## Convert nanoseconds since 1/1/1601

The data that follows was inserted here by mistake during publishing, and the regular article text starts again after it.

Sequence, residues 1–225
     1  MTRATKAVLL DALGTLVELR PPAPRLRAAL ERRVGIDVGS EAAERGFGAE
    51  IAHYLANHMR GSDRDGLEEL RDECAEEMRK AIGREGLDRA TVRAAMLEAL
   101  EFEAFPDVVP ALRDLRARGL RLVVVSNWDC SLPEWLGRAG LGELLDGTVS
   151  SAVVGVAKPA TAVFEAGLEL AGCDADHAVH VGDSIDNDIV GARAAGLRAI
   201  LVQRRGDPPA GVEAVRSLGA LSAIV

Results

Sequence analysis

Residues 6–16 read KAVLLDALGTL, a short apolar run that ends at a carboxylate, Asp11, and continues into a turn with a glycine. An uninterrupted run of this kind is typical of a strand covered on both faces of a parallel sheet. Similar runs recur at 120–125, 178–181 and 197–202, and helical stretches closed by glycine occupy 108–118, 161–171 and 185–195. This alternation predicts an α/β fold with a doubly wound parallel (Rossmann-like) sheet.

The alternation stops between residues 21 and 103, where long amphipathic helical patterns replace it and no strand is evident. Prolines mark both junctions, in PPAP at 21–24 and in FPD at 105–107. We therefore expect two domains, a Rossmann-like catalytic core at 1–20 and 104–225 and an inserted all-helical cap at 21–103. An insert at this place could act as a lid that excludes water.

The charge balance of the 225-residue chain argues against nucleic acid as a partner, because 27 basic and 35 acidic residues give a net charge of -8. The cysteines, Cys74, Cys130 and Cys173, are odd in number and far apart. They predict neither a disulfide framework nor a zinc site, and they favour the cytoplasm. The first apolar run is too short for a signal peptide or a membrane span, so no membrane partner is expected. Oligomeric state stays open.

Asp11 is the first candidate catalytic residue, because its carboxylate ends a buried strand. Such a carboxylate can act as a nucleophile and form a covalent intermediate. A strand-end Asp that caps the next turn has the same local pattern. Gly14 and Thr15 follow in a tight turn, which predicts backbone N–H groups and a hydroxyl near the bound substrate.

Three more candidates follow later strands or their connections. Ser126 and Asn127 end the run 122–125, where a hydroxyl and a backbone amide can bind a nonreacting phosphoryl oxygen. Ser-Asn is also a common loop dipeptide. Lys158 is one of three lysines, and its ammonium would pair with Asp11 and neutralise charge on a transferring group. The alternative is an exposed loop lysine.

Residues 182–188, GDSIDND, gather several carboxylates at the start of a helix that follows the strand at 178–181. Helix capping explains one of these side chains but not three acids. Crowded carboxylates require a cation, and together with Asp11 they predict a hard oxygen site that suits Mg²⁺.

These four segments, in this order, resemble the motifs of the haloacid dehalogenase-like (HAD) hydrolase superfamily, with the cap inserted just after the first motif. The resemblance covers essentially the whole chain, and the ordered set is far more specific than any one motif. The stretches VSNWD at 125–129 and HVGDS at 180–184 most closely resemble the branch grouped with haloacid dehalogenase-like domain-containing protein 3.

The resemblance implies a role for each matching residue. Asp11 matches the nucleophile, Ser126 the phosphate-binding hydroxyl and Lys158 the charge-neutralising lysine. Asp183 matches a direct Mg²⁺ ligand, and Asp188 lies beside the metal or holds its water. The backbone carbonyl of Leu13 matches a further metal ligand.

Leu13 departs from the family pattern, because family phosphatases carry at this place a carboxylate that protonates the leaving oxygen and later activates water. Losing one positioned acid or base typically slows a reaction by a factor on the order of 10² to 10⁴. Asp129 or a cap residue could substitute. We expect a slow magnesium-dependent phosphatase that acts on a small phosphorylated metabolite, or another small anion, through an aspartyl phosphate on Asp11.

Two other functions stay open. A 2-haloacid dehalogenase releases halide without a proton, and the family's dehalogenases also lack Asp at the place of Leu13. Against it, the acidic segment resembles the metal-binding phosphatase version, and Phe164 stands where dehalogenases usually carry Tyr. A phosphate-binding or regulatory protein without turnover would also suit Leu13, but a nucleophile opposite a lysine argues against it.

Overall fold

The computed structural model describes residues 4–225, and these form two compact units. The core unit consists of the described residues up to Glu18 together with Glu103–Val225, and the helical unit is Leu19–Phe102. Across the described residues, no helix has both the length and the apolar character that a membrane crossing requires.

Author Message Jack Corbett SSC-Forever Group: General Forum Members Points: 42593 Visits: 14925 Actually Lynn has it right. You can't directly convert the lastlogon to bigint because it is larger than bigint, so you need to convert lastlogon to a larger decimal like decimal(24,0), then do the division to convert to minutes and convert to bigint. Jack CorbettApplications Developer Don't let the good be the enemy of the best. -- Paul FlemingAt best you can say that one job may be more secure than another, but total job security is an illusion. -- Rod at workCheck out these links on how to get faster and more accurate answers: Forum Etiquette: How to post data/code on a forum to get the best helpNeed an Answer? Actually, No ... You Need a QuestionHow to Post Performance ProblemsCrosstabs and Pivots or How to turn rows into columns Part 1Crosstabs and Pivots or How to turn rows into columns Part 2 Jeff Moden SSC Guru Group: General Forum Members Points: 206043 Visits: 41952 You mean to tell me that LDAP queries can't change the format of the date? --Jeff ModenRBAR is pronounced ree-bar and is a Modenism for Row-By-Agonizing-Row.First step towards the paradigm shift of writing Set Based code: Stop thinking about what you want to do to a row... think, instead, of what you want to do to a column.If you think its expensive to hire a professional to do the job, wait until you hire an amateur. -- Red Adair Helpful Links:How to post code problemsHow to post performance problemsForum FAQs Jeff Moden SSC Guru Group: General Forum Members Points: 206043 Visits: 41952 Jeff Moden (8/7/2008)You mean to tell me that LDAP queries can't change the format of the date?BWAAA-HAAA!!!! I guess a more than 5 year wait for an answer means, "No", huh? :-D --Jeff ModenRBAR is pronounced ree-bar and is a Modenism for Row-By-Agonizing-Row.First step towards the paradigm shift of writing Set Based code: Stop thinking about what you want to do to a row... think, instead, of what you want to do to a column.If you think its expensive to hire a professional to do the job, wait until you hire an amateur. -- Red Adair Helpful Links:How to post code problemsHow to post performance problemsForum FAQs tripleAxe SSCrazy Group: General Forum Members Points: 2044 Visits: 13541 If you know how many 100-nanosecond intervals (ticks) are in a day (864000000000) and how many days difference there are between 1-1-1601 and 1-1-1900 which is SQL Servers base date (109207) this query gets a little bit easier. Divide the value you get from the Active Directory query by the number of ticks in a day to get the number of days since 1-1-1601, then take away the number of days between 1-1-1601 and 1-1-1900 and the convert to a datetime. For example, say my AD query returned the value 129941783963332926 for one of my logins run this query below to return the value "2012-10-08 13:59:56.330"`SELECT CONVERT(DATETIME, (129941783963332926 / 864000000000)- 109207 )`You can check this converts to the correct value using the Windows Time Service command line utility. e.g run w32tm.exe /ntte 129941783963332926 from a command prompt.Here is how to do the conversion using a table.`SET NOCOUNT ON;IF OBJECT_ID('tempdb..##logon','U') IS NOT NULL DROP TABLE ##logon;CREATE TABLE ##logon (last_logon BIGINT);INSERT INTO ##logon (last_logon) VALUES ('130606598434647275');INSERT INTO ##logon (last_logon) VALUES ('130619908502831361');INSERT INTO ##logon (last_logon) VALUES ('129941783963332926');INSERT INTO ##logon (last_logon) VALUES ('130621100686409404');INSERT INTO ##logon (last_logon) VALUES ('130621789182632438');INSERT INTO ##logon (last_logon) VALUES ('130621388365566800');SET NOCOUNT OFF;SELECT last_logon , CONVERT(DATETIME, (last_logon / 864000000000)- 109207 )FROM ##logon;DROP TABLE ##logon;`Here is how I calculated the number of days between 1-1-1601 and 1-1-1900 (of course I could have used a newer version of SQL instead of 2005 and the datetime2 datatype to work this out).`IF OBJECT_ID('tempdb..##years','U') IS NOT NULL DROP TABLE ##years;CREATE TABLE ##years(TheYear smallint, DayCount smallint);WITH YearsCTE (theyear)AS( SELECT theyear = 1601 UNION ALL SELECT theyear = theyear + 1 FROM YearsCTE WHERE theyear < 1899 )INSERT INTO ##yearsSELECT theyear , CASE WHEN (theyear % 4) <> 0 THEN 365 WHEN (theyear % 4) = 0 AND (theyear % 100 <> 0) THEN 366 WHEN (theyear % 4) = 0 AND (theyear % 100 = 0 ) AND (theyear % 400 = 0) THEN 366 ELSE 365 END AS [Days]FROM YearsCTE OPTION (maxrecursion 0);select SUM(DayCount) FROM ##years`If you have a newer version of SQL you could run this:`DECLARE @date1 DATETIME2 = '16010101'DECLARE @date2 DATETIME2 = '19000101'SELECT DATEDIFF(DAY,@date1, @date2)`Some URLs I found useful for this are below.Method to determine whether a year is a leap yearhttp://support.microsoft.com/kb/214019How to convert date/time attributes in Active Directory to standard time formathttps://support.microsoft.com/kb/555936?